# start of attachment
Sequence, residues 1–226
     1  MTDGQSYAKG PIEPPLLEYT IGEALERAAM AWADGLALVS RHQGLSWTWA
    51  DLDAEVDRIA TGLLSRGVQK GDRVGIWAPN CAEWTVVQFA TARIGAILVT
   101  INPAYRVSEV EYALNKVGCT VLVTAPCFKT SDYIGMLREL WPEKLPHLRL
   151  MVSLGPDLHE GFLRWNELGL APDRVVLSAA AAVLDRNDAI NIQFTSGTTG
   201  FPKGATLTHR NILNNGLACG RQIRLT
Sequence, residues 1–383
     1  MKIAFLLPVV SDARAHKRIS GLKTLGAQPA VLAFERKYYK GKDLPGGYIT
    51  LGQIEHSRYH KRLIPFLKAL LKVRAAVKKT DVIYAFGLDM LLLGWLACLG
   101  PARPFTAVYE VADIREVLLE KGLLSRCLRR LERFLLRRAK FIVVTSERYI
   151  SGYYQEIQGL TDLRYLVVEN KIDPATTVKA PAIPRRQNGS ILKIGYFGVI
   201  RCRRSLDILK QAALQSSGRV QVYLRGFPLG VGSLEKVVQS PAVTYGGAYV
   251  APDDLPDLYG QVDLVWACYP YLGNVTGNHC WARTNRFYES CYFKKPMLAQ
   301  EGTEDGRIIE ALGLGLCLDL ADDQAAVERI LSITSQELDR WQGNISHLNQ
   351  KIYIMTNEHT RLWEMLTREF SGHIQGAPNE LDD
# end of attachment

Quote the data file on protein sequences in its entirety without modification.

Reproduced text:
Sequence, residues 1–226
     1  MTDGQSYAKG PIEPPLLEYT IGEALERAAM AWADGLALVS RHQGLSWTWA
    51  DLDAEVDRIA TGLLSRGVQK GDRVGIWAPN CAEWTVVQFA TARIGAILVT
   101  INPAYRVSEV EYALNKVGCT VLVTAPCFKT SDYIGMLREL WPEKLPHLRL
   151  MVSLGPDLHE GFLRWNELGL APDRVVLSAA AAVLDRNDAI NIQFTSGTTG
   201  FPKGATLTHR NILNNGLACG RQIRLT
Sequence, residues 1–383
     1  MKIAFLLPVV SDARAHKRIS GLKTLGAQPA VLAFERKYYK GKDLPGGYIT
    51  LGQIEHSRYH KRLIPFLKAL LKVRAAVKKT DVIYAFGLDM LLLGWLACLG
   101  PARPFTAVYE VADIREVLLE KGLLSRCLRR LERFLLRRAK FIVVTSERYI
   151  SGYYQEIQGL TDLRYLVVEN KIDPATTVKA PAIPRRQNGS ILKIGYFGVI
   201  RCRRSLDILK QAALQSSGRV QVYLRGFPLG VGSLEKVVQS PAVTYGGAYV
   251  APDDLPDLYG QVDLVWACYP YLGNVTGNHC WARTNRFYES CYFKKPMLAQ
   301  EGTEDGRIIE ALGLGLCLDL ADDQAAVERI LSITSQELDR WQGNISHLNQ
   351  KIYIMTNEHT RLWEMLTREF SGHIQGAPNE LDD